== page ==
- The Brand Delusion. Bob suggested real brand love is becoming harder and harder to find. He joked and asked us to really reflect on the brands we “follow,” offering this advice: Think of your closet, your refrigerator, your garage, your car and all the things inside. Do we really love these brands? Can we even name more than a few? Are we really in dialogue with these brands? And would we ever consider being part of their community? Maybe not. So, why should we be telling our clients that they need to do this? Moral of the story is this: Bob believes that while brands are very important to us as marketers (depending on the product category), they may not be as important to consumers. Something to consider as we plan our next brand campaign.
- The Age Delusion. Bob’s final point was advertisers hate marketing to people over 50. In a way, Bob was using this funny anecdote to tease all the marketers in the room about our heightened focus on “young” agency world. But why, he asked. Do we somehow believe that young people are more creative – or even smarter? Facts show people over 50 outspend other age groups in nearly every major category. Bob made the point that this audience is clearly the “most ignored wealthy people in the history of marketing,” according to Forbes. Something to consider if you think your target is skewed in a younger direction. Maybe you’re missing the mark?
To be honest, I think Bob’s remarks rocked the room. It’s all a matter of perspective. Where are you sitting, and what are you surrounding yourself with? Do you have the facts? Are you simply surrounding yourself with like-minded thinkers, taking recommendations at face value without ensuring they’re right? I’ll be wrestling with this for a while, and I hope you will, too.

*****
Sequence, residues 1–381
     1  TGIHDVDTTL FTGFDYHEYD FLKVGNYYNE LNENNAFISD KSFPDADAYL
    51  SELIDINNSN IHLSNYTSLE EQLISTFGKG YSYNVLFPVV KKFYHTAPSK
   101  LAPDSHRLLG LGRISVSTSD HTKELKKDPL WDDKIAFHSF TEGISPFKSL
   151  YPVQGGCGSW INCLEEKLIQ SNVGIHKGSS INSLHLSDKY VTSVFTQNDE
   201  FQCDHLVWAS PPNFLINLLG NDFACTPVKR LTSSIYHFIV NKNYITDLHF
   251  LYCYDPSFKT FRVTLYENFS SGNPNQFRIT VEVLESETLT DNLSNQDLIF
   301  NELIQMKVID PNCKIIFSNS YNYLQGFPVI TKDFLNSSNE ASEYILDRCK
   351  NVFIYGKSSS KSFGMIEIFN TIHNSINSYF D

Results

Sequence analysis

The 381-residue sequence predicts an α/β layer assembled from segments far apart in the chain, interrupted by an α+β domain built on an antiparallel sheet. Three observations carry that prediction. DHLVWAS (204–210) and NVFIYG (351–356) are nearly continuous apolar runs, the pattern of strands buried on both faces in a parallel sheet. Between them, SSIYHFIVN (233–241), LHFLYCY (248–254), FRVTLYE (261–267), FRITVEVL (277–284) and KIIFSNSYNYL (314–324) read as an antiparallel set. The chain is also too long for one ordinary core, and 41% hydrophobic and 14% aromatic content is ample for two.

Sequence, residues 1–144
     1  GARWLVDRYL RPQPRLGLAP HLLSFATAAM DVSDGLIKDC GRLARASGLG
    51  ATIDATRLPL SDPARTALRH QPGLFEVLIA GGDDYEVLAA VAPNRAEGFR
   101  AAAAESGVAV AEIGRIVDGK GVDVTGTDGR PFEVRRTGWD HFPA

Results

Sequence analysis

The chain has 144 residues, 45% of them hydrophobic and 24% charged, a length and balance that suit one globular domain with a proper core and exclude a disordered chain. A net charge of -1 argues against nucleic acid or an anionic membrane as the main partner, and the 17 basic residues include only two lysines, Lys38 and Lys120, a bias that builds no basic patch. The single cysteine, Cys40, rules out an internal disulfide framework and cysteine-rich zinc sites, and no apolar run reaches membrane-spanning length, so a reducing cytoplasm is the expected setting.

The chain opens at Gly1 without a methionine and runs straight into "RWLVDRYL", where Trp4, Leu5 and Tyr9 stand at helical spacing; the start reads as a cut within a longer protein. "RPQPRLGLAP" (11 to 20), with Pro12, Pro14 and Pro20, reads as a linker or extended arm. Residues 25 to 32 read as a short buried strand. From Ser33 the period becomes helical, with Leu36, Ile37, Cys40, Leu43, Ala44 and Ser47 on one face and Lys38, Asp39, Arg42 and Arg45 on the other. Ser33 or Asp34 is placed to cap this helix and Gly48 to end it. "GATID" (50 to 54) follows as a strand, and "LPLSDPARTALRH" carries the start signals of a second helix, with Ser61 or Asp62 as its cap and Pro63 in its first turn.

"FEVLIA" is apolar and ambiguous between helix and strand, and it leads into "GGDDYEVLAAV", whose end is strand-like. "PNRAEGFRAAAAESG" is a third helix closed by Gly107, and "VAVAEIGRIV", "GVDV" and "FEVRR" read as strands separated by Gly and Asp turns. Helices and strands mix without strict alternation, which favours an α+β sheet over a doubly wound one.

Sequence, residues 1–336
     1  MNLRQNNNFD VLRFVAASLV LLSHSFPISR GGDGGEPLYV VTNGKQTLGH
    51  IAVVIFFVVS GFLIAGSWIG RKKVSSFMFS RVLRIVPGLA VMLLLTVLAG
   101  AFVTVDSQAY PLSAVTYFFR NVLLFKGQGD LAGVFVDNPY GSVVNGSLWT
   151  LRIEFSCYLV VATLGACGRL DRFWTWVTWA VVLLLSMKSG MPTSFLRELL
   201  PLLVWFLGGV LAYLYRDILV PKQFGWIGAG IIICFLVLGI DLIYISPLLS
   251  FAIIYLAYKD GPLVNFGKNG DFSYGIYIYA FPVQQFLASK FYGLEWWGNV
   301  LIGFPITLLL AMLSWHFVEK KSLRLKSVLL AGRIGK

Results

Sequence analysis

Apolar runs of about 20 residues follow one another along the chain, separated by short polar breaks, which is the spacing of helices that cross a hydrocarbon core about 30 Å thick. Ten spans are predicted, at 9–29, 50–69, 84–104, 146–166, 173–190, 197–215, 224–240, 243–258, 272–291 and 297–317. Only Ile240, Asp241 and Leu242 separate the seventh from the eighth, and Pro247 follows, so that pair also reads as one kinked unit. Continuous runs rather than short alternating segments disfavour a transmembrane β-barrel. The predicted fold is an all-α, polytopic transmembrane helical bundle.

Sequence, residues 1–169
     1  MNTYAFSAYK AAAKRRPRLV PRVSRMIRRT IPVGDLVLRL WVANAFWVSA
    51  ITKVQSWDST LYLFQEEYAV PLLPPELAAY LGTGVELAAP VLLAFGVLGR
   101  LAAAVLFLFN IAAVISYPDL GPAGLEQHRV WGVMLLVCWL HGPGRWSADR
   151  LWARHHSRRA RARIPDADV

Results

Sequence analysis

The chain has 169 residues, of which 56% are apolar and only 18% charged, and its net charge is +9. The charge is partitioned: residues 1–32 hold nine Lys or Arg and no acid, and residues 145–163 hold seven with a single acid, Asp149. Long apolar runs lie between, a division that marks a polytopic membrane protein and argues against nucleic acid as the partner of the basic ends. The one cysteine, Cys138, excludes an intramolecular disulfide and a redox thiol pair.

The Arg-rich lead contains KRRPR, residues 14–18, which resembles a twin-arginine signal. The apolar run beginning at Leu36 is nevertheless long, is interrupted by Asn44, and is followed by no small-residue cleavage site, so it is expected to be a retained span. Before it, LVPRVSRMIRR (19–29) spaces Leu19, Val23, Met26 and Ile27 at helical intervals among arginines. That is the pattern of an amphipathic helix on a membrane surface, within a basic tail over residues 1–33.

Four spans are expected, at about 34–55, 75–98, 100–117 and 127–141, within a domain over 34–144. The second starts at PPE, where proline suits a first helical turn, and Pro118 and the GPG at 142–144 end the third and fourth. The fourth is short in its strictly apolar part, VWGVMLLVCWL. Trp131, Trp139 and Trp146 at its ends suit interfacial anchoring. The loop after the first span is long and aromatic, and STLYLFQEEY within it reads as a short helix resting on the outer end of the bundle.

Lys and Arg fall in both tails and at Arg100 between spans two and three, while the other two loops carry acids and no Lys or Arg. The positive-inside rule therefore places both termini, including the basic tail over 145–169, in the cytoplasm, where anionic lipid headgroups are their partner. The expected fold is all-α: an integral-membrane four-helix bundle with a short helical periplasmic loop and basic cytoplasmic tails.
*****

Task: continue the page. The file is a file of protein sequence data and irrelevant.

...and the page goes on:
Speaker: Parc Masterson, Signal Theory, Kansas City, MO
Topic: Wayfinding – Innovation and Experience Director, Parc Masterson from fellow AMIN agency, Signal Theory, took the stage on day two – and he asked us to experiment together. I watched as grown agency folks took on the challenge to build a boat out of marshmallows, pretzels and spaghetti in hopes our barbie doll would float in a tub of water near the stage. Before the experiment had even begun, I understood the task (and even the learning). Creative directors were asking strategy leaders simple questions like, “do you think this will float?” or “maybe we should check and see if the marshmallows sink in the water,” or even “how can we distribute the weight more evenly?” Gosh, I thought…I wish we could all make our real-life marketing hypotheses this easy to test. And, then I realized…we can.